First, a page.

To receive federal grants under the Child Abuse Prevention and Treatment Act (CAPTA), states must establish provisions for immunity from liability for individuals making good-faith reports, which are reports that, to the best of the reporter's knowledge, are not deliberately false or made as an act of malice.  This protects reporters from civil or criminal liability that they might otherwise incur, even if the report is unsubstantiated.  A report of suspected maltreatment begins the case process by which child protective services agencies work to ensure the safety of children.

Consequences of Child Maltreatment

The consequences of child maltreatment can be profound and may last long after the abuse or neglect occurs.  The effects can appear in childhood, adolescence, or adulthood and may affect every aspect of an individual's development -- physical, cognitive, psychological, societal, and behavioral.  While the effects of child abuse and neglect are often discussed in terms of these specific categories, it is not truly possible to separate them completely.  Physical consequences, such as damage to a child's growing brain, for example, can have psychological implications as well, including cognitive delays, emotional difficulties, depression, or anxiety.  These might then manifest as high-risk or violent behaviors, such as an increased likelihood to smoke, abuse alcohol or illicit drugs, or overeat.

While research differs on the effects of trauma on a child's cognitive development, verbal abilities, and problem-solving skills, it has consistently found that maltreatment increases the risk of lower academic achievement and problematic school performance.  Physical abuse, sexual abuse, neglect, and psychological maltreatment can all affect a child's emotional and psychological well-being and lead to behavioral problems.  These emotional and psychological issues may appear immediately or years later and can involve behaviors that range from passive and withdrawn (internalizing) to active and aggressive (externalizing).  Maltreated children who developed insecure attachments to caregivers may become more mistrustful of others and experience difficulties in understanding the emotions of others, regulating their own emotions, and forming and maintaining relationships with peers.  Victims of child maltreatment are also more likely to engage in juvenile delinquency, adult criminality, and violent behavior.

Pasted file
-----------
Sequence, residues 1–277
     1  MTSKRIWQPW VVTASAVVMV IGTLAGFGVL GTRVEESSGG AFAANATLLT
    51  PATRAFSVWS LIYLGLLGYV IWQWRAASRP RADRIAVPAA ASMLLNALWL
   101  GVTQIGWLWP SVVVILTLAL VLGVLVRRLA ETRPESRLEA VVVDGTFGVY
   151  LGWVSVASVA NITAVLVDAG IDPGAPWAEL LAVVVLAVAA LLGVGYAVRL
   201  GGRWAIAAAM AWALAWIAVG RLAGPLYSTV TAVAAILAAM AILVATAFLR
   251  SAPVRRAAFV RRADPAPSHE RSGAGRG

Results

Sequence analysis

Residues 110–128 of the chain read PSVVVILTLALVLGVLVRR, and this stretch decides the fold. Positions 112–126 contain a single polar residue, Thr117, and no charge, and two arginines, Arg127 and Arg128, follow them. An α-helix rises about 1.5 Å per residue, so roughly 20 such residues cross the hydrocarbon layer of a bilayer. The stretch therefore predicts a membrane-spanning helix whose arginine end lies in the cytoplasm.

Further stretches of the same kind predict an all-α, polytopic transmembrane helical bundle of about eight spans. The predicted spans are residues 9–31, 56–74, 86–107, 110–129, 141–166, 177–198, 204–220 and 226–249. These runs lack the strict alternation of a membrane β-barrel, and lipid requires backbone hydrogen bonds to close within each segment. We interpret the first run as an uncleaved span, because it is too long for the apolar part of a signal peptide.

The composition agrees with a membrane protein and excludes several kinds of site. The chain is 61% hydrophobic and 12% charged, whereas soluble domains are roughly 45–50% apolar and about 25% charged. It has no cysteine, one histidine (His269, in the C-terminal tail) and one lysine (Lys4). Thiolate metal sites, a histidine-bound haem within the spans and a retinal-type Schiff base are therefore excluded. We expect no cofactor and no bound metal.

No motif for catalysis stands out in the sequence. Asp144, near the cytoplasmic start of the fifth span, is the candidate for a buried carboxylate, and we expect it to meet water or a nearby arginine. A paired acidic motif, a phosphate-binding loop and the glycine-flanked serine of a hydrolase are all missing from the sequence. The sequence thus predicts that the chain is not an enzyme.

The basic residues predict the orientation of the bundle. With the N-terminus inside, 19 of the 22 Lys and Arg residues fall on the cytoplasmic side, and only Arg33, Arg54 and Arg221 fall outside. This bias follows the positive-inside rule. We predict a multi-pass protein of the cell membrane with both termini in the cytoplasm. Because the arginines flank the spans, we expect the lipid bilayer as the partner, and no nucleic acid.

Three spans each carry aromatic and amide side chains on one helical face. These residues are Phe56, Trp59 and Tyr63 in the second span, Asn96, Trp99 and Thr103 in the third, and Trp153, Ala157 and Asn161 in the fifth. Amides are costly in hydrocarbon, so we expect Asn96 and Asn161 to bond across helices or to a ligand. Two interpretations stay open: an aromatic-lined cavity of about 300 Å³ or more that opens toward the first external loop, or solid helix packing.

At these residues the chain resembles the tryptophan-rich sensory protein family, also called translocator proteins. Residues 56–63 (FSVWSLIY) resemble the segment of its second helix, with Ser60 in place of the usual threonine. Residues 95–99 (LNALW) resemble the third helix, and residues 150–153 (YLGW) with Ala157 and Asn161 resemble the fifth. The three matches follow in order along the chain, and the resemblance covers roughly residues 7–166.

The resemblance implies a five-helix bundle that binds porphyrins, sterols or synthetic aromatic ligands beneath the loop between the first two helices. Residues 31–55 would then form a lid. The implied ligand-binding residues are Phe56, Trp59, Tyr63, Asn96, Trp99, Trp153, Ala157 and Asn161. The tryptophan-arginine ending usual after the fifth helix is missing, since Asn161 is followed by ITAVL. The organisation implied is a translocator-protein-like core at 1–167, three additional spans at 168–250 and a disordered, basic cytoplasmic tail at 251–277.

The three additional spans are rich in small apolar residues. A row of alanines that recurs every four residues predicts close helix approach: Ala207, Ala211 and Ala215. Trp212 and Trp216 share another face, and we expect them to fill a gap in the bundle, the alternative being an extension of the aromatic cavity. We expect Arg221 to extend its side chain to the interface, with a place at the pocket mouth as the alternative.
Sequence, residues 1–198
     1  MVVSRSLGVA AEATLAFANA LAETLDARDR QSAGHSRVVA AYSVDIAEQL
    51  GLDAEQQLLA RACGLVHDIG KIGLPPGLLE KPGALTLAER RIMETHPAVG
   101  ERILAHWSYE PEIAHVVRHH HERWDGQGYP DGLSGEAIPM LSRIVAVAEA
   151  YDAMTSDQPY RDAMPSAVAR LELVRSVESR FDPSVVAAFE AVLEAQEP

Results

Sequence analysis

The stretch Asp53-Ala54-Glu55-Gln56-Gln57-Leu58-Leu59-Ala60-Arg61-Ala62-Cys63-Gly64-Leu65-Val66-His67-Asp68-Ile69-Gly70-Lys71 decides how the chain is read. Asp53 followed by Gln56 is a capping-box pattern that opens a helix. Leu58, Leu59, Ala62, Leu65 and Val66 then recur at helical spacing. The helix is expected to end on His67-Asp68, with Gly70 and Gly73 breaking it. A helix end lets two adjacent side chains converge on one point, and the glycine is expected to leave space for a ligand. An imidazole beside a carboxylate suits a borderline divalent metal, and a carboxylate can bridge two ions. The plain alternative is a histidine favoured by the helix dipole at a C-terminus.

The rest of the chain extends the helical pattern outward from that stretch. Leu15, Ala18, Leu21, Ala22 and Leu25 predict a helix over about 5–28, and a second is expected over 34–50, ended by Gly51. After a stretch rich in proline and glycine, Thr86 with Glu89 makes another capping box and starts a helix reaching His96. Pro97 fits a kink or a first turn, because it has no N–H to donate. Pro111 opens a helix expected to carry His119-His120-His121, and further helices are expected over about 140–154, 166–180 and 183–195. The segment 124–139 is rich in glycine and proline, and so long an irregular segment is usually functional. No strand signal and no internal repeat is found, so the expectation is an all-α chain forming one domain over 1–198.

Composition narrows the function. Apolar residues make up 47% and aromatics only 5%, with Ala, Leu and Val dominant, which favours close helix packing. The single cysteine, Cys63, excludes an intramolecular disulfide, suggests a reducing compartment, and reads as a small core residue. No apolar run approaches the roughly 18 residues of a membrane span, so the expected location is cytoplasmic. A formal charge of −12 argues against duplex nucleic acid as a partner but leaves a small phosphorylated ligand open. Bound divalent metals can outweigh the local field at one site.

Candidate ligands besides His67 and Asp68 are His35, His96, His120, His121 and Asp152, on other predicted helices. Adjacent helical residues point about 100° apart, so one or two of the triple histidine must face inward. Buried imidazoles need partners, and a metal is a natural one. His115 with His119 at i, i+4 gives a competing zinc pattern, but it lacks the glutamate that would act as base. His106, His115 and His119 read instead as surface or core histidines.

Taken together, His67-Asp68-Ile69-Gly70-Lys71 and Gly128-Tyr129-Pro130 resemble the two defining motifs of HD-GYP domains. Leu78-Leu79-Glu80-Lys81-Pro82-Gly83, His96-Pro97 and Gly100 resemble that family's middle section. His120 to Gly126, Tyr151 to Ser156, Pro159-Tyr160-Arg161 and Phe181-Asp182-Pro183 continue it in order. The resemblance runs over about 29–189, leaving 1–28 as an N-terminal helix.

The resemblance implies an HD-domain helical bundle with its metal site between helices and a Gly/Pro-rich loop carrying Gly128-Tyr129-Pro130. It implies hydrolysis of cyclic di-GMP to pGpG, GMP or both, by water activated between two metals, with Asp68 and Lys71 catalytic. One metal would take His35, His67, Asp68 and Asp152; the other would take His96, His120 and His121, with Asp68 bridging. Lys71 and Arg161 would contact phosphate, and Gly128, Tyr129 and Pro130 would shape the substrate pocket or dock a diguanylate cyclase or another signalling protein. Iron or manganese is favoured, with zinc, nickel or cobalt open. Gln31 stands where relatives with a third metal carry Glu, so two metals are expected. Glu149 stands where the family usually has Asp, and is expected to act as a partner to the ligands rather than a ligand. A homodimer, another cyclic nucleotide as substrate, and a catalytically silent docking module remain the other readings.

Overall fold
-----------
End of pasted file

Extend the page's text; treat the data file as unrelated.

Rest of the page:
Physically abused children, followed closely by neglected children, were the most likely to be arrested later for violent crime.  The health and physical effects of abuse include the immediate effects of bruises, burns, lacerations, and broken bones, as well as the longer-term effects of brain damage, hemorrhages, and permanent disabilities.  There can also be severe negative effects on a child's physical development resulting from physical trauma such as blows to the head or body, violent shaking, scalding with hot water, or asphyxiation, as well as from neglect such as inadequate nutrition, lack of adequate motor stimulation, or the withholding of medical treatments.

It is important to note that while maltreated children will have a higher risk of certain problems, not all of them will necessarily suffer severe or long-term consequences.  A number of factors may influence the effects of maltreatment, including the child's age and developmental status at the time of the maltreatment, as well as the type, frequency, duration, and severity of the maltreatment and co-occurring problems.  So, while the risk is higher, most abused and neglected children will not become delinquent, experience problem behaviors, or become involved in violent crime.